Op/ed: Reframing the Conversation
You are a survivor, not a victim. That’s what the therapists tell you, that’s what your friends tell you. Hell, that’s what the signs in every bathroom stall on campus tell you. Yet, for some odd reason, I feel like a victim now more than I ever have.
Recently leaked documents at AU from a banished fraternity containing references to rape caused a firestorm both on campus and across the web. Upon reading these documents I felt disgusted. However, as I read responses on Facebook and overheard discussions regarding the self-dubbed “Fratergate,” I became even more disgusted. Somehow, the outcry against heinous and vile rape comments had upset me more than the comments themselves. How was that even possible?
As a survivor, I should have felt uplifted. I should have been able to stand side-by-side with them and voice my outrage. I simply could not wrap my head around it. Though, the more statuses and articles I read on Facebook and the more I talked to friends, the more pieces started to fall into place, and I had a clearer picture as to what troubled me.
A few days after the leak, students organized a rally. The description for the Facebook event began with, “We want to spread awareness of the rape culture that is across campus.” Across campus, as if “rape culture” was some invisible virus that found its way into every crevice of campus and infected every student. Somehow, the entire campus was guilty of perpetuating “rape culture” because of the interactions of a couple of ignorant, dimwitted guys on campus. They are not representative of anywhere near a majority of students I have encountered. As far as I have seen, AU students are upstanding and compassionate and certainly not rape supporters.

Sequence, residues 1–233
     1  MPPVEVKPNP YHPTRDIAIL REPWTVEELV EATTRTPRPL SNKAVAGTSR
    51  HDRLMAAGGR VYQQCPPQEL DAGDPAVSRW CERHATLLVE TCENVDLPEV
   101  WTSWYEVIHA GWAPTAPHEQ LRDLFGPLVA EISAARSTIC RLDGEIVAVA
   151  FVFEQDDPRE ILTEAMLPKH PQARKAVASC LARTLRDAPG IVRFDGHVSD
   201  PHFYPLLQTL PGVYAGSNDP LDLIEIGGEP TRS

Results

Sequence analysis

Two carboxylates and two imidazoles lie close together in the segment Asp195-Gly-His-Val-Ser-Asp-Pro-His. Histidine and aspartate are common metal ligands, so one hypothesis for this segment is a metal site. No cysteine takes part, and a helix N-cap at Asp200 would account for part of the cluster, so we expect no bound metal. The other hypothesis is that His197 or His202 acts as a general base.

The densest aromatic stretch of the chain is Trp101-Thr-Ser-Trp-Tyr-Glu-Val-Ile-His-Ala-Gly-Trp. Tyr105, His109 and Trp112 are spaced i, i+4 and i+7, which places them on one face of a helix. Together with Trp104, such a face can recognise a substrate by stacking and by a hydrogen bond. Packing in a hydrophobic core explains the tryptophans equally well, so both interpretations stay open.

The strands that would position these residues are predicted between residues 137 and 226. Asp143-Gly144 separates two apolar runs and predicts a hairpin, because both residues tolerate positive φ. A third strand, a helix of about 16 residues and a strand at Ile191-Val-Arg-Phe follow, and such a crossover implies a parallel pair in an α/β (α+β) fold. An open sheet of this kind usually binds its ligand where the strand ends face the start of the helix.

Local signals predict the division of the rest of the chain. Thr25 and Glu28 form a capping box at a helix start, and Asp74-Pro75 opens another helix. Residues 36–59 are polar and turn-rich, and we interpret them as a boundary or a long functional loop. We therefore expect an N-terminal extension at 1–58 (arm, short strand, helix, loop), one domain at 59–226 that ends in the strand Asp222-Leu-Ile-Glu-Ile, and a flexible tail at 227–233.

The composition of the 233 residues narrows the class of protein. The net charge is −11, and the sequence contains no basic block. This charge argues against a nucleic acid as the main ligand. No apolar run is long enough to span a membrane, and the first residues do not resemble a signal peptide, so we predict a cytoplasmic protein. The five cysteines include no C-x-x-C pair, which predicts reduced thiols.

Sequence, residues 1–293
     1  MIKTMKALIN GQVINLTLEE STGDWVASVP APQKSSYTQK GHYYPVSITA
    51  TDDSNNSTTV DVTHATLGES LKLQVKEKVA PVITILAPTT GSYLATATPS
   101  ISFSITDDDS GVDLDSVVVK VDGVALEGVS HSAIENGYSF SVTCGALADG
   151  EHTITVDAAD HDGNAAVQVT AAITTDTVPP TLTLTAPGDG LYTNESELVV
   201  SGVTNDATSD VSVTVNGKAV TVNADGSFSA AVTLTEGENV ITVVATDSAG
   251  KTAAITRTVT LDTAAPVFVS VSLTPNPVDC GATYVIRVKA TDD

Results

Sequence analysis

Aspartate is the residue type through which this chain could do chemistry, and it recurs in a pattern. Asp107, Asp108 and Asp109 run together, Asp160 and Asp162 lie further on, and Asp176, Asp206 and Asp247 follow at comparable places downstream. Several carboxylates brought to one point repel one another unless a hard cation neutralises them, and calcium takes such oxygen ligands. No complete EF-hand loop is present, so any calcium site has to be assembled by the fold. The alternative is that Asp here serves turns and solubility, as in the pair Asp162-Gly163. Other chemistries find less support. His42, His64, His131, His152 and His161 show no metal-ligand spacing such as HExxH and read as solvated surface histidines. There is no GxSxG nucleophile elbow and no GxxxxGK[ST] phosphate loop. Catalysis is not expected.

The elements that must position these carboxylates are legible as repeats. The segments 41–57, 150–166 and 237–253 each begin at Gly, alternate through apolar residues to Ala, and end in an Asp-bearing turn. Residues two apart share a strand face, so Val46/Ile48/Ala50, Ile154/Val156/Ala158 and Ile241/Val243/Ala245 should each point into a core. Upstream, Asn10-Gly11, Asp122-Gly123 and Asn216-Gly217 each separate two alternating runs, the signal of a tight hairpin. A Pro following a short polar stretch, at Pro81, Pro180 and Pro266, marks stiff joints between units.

As I approached the rally and looked over the crowd, I felt even more distraught. The first two signs I saw read “Your silence is complacency” and “Silence is violence.” According to these signs, somehow if you chose to say nothing, you supported rape. Another logical fallacy rearing its ugly head through a conclusion based on no evidence. How could you just assume that because I am silent that I support everything in the messages? It is downright wrong and has no place in a legitimate discussion of rape issues.
One of the worst moments I experienced was when I actually tried to voice my opinion on the matter. I tried to tell someone that this was a couple of dumb guys making jokes over lines of communication they thought were secure. I explained that this kind of response trivializes the real issues of rape. This person then told me that I was completely ignorant on the topic of rape and that I had no business speaking about it. As someone who survived multiple attacks and still deals with trauma stemming from these attacks on a daily basis, how could I possibly be part of the problem? Then I realized the real reason she assumed that I had no prior experience with sexual assault (at least on the side of the victim), and that was because I am a man.
Yes, believe it or not, men can be raped and/or sexually assaulted, and I am a testament to that. I have been assaulted by both men and women, and on certain occasions, I have attempted to share my stories. In one instance, a female acquaintance told me not to make jokes like that, as if somehow what I was saying could not be the truth. This occurred in front of my closest friends, and I have never been more embarrassed in my entire life. Rape is not committed solely by men on women, and that should never be someone’s first assumption when discussing it. When people read articles about rape that discuss “teaching your sons not to rape” or “protecting your daughters from men,” it makes it infinitely more difficult for many people to share their experiences and leaves many people out from a larger discussion of rape issues.
If we really want to cut down on rape and sexual assault, we need to work past the logical fallacies and look for the real issues. We need to recognize that sexual assault perpetrators and supporters are the minority not the majority and that rape is not a gender issue but a human issue. Until we reframe the conversation, my campus and society in general will never have a lasting and positive impact on rape and sexual assault issues.
James Walsh is a senior in the School of International Service.